Judge Leisure's Opinion and Order
(issued July 16, 1996)

United States District Court
Southern District of New York

INTERNATIONAL,                  )
Plaintiff,                      )
                                )   92  Civ.  3024  (PKL)
-against-                       )
BEHAR                           )
   Defendants                   )


           750 Lexington Avenue
        New York, New York  10022

   Jonathan W. Lubell; Esq., of counsel

         Attorneys for Plaintiff

              80 Pine Street
         New York, New Tork 10005

   Floyd Abrams, Esq., of counsel
   Dean Ringel, Esq., of counsel
   David G. Januszowski, Esq., of counsel
   James R. Oswald, Esq., of counsel

         Attorneys for defendants

LEISURE, District Judge:

Defendants moved for summary judgement in this libel action, which the Court granted in part and denied in part. See Church of Scientology Int'l v Time Warner, Inc., 903 F. Supp. 637 (S.D.N.Y. 1995). Defendants then moved for reargument and reconsideration, arguing that the Court should have granted summary judgement in full because the sole remaining statement sued upon in non-actionable based on the incremental harm doctrine. After reargument, and upon reconsideration, for the reasons stated below, the Court grants summary judgement as to the sole remaining statement in the case and dismisses the case in its entirety.


In 1992, Time magazine published a 10 page, 7500 word article entitled "Scientology: The Cult of Greed" (the "Article"). The Article was highly critical of Scientology, and included such statements as:

The Church of Scientology International ("CSI") filed a complaint for libel against defendants, challenged as false and defamatory several statements from the Article. The Statements, numbered by the Court but otherwise as set forth in the complaint, are as follows:

  1. "[T]he Church ... survives by intimidating members and critics in a Mafia-like manner."

  2. "Scientology is quite likely the most ruthless, the most classically terroristic ... cult the country has ever seen."

  3. "Those who criticize the church -- journalists, lawyers and even judges -- often find themselves framed for fictional crimes, beaten up or threatened with death."

  4. "Occasionally a Scientologist's business antics land him in jail. Last August a former devotee named Steven Fishman began serving a five year prison term in Florida. His crime: stealing blank stock confirmation slips from his employer, a major brokerage house, to use as proof that he owned stock entitling him to join dozens of successful class action lawsuits. Fishman made roughly $1 million this way from 1983 to 1988 and spent as much as 30% of the loot on Scientology books and tapes. Scientology denies any tie to the Fishman scam, a claim strongly disputed by both Fishman and his longtime psychiatrist, Uwe Geertz, a prominent Florida hypnotist. Both men claim that when arrested, Fishman was ordered by the Church to kill Geertz and then do an 'EOC' or end of cycle, which is Church jargon for suicide."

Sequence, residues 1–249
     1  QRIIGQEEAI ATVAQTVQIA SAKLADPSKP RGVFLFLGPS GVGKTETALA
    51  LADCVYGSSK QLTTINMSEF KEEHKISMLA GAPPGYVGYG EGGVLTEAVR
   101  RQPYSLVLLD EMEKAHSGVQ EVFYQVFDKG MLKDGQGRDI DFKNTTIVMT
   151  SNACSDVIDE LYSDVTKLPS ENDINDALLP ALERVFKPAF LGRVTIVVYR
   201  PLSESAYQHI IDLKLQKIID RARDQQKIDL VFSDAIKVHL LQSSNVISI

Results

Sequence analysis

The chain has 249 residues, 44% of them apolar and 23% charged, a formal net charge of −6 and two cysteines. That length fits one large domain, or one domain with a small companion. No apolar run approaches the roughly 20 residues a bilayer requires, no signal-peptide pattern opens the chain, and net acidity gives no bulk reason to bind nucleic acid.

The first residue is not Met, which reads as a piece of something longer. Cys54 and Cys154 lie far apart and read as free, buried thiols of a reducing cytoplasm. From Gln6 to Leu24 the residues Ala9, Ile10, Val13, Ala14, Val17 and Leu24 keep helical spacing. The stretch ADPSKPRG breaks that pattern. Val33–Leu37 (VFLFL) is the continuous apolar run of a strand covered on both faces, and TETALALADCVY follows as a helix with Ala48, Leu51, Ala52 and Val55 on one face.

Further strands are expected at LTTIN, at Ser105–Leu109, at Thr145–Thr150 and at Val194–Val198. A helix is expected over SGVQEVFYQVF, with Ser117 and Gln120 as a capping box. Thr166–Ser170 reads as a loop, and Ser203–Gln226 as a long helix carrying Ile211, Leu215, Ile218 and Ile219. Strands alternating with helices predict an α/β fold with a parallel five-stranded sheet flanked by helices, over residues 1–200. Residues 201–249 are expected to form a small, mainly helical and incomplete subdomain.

5. "One source of funds for the Los Angeles- based church is the notorious, self-regulated stock exchange in Vancouver, British Columbia, often called the scam capital of the world."

  6. "Baybak, 49, who runs a public relations company staffed with Scientologists, apparently has no ethics problem with engineering a hostile takeover of a firm he is hired to promote."

  7. "What these guys do is take over companies hype the stock, sell their shares, and then there's nothing left..." "'They stole this mans property.'" [Referring to William Jordan.]

  8. "THE LOTTICKS LOST THEIR SON, Noah, who jumped from a Manhattan hotel clutching $171, virtually the only money he had not yet turned over to Scientology. His parents blame the church and would like to sue but are frightened by the organization's ruthlessness."

  9. "His death inspired his father Edward, a physician, to start his own investigation of the church. 'We thought Scientology was something like Dale Carnegie.' Lottick says. 'I now believe it's a school for psychopaths. Their so-called therapies are manipulations. They take the best and the brightest people and destroy them.'"

  10. "It was too late. 'From Noah's friends at Dianetics' read the card that accompanied a bouquet of flowers at Lottick's funeral. Yet no Scientology staff members bothered to show up "

  11. "The next month the Rowes flew to Glendale, Calif., where they were shuttled daily from a local hotel to a Dianetics center. 'We thought they were brilliant people because they seemed to know so much about us,' recalls Dee. 'Then we realized our hotel room must have been bugged.' After bolting from the center, $23,000 poorer, the Rowes say, they were chased repeatedly by Scientologists on foot and in cars."

  12. "In a court filing, one of the cult's many entities -- the Church of Spiritual Technology -- listed $503 million in income just for 1987."

By Opinion and Order dates November 23, 1992, this Court granted defendants' motion to dismiss plaintiff's claims regarding certain statements in the complaint, on the the grounds that they could not be read as referring to plaintiff. See Church of Scientology Int'l v. Time Warner, Inc., 806 F Supp. 1157 (S.D.N.Y. 1992). Specifically, the Court found that parts of paragraph 4 and paragraphs 6, 7, 11, and 12 above do not allege statements that could reasonably be considered to be of and concerning CSI.